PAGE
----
by Blake Newton, UK Extension Entomologist
If you read this blog, you know that we in the Entomology Department at U.K. are concerned about exotic and invasive organisms. Lots of other people are, too. Michael Russell, Scotland's Environmental Minister, believes that "the invasion of non-native species now constitutes the biggest threat to our native biodiversity after climate change." At a recent seminar here in our department Dr. David Wagner (University of Connecticut) showed that invasive species are the second biggest threat to insect diversity after development.
So, we know that invasives are a problem. But what can we do? There are lots of government programs and volunteer efforts that are working to eradicate these organisms, but most take a military approach: they try to spray, cut, infect, and generally shock-and-awe these organisms to death. But what about a more subtle approach? How about... a culinary approach?
I've been reading more and more about efforts to put invasive species on the menu. It's a perfect solution: if invasive species are eating our stuff, let's eat them instead. It doesn't work in all cases (don't try to eat an invasive thistle!), but here are some examples that I've seen recently:
-kudzu. Kudzu is a nasty invasive weed that has been taking over the southern U.S. You can make jelly from it.
-garlic mustard can be used in pesto
-Japanese knotweed is another pest in our area. It has a number of uses.
-an invasive Ray species in the Northeast has shown up on sushi menus. I saw this on a CNN video a few weeks ago, but I can't find it again. Can anyone send me this link? UPDATE: Here is the CNN video. This is a related story in text form. "Eat a Ray and Save the Bay."
And here are some invasive edibles that we've been consuming for years:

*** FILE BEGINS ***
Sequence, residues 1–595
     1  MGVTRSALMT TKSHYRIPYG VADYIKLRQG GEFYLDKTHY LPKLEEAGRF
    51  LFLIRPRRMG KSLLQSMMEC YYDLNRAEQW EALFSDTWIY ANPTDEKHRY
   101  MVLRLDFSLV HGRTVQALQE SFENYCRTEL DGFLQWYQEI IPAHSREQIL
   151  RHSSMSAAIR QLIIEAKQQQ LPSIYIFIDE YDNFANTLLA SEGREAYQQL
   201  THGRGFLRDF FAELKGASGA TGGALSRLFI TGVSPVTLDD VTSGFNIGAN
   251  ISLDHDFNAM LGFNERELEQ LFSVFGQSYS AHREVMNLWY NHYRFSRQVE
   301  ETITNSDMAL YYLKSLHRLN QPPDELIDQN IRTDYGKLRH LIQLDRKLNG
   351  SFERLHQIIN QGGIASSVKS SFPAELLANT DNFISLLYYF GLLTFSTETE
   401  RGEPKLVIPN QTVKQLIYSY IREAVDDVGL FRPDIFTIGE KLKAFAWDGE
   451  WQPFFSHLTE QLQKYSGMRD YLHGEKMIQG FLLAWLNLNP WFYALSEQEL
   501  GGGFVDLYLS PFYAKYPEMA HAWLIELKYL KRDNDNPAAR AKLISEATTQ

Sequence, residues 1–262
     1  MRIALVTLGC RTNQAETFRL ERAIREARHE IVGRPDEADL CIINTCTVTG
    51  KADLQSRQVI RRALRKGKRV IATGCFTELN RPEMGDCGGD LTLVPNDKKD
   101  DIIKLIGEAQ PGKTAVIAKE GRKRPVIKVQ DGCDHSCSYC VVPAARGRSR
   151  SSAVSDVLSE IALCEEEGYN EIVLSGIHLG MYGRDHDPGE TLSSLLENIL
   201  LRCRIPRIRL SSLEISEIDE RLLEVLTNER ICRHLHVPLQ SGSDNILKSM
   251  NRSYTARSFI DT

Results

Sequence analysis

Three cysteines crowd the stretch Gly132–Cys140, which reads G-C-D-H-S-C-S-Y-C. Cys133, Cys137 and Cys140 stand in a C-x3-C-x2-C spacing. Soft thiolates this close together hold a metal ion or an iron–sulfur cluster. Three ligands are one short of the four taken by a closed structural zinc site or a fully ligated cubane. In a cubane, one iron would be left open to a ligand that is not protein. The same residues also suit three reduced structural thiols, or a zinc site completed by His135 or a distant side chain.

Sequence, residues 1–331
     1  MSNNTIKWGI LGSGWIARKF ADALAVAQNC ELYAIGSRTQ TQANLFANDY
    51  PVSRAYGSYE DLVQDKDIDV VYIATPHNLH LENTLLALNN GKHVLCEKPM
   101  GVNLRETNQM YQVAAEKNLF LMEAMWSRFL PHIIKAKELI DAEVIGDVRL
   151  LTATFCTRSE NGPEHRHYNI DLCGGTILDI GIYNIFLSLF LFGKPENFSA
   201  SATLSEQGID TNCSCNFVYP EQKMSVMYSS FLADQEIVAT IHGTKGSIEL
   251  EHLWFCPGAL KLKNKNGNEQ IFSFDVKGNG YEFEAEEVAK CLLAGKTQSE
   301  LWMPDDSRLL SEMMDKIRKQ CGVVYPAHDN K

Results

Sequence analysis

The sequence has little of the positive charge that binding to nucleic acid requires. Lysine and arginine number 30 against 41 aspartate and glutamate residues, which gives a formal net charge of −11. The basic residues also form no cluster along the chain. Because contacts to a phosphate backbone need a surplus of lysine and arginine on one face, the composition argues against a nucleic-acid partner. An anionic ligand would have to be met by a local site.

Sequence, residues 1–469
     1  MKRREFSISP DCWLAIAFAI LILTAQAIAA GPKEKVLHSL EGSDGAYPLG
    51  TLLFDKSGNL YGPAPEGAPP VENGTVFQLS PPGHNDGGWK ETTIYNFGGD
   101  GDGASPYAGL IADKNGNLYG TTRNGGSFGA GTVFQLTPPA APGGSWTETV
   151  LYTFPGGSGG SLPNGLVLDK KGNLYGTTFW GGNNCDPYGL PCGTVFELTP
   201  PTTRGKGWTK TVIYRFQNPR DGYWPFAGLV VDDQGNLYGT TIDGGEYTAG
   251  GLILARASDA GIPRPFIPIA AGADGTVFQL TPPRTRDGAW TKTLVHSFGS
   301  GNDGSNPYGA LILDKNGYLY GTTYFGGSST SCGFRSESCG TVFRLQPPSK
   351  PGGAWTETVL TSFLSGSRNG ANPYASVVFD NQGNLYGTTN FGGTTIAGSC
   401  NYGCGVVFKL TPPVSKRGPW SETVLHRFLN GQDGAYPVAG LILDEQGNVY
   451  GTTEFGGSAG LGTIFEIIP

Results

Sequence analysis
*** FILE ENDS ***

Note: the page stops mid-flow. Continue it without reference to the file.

-honey bees. Okay, we don't eat the bees, but we eat their secretions (honey). Many people don't realize that honey bees are not native to the U.S. And although they provide a lot of benefits, they also cause problems: they out-compete native bees and their stings send lots of people to the hospital
-pork. Domestic pigs probably originated in Asia. These days, they are delicious right here in the U.S. They cause lots of problems when they become feral, though, so they "count" as an invasive species.
Of course, turning invasives into edible products has a risk: if a demand is created, it's possible that the invasive species will become raised/farmed for profit, and spread even more. So the key is to eat an invasive species until it's gone, and then find a new one to whet our appetites!
Can anyone think of any other "edible invasives?"
UPDATE: I just found a new article from the Louisville Courier-Jounral about an attempt to turn consumers and fishermen onto Asian carp, an invasive fish that is found in Kentucky (and lots of other places). Hey, serve it up. I'll eat it.
Also, another important edible invasive that I forgot: dandelions. They've been in salad mixes and regional/traditional cuisine for years.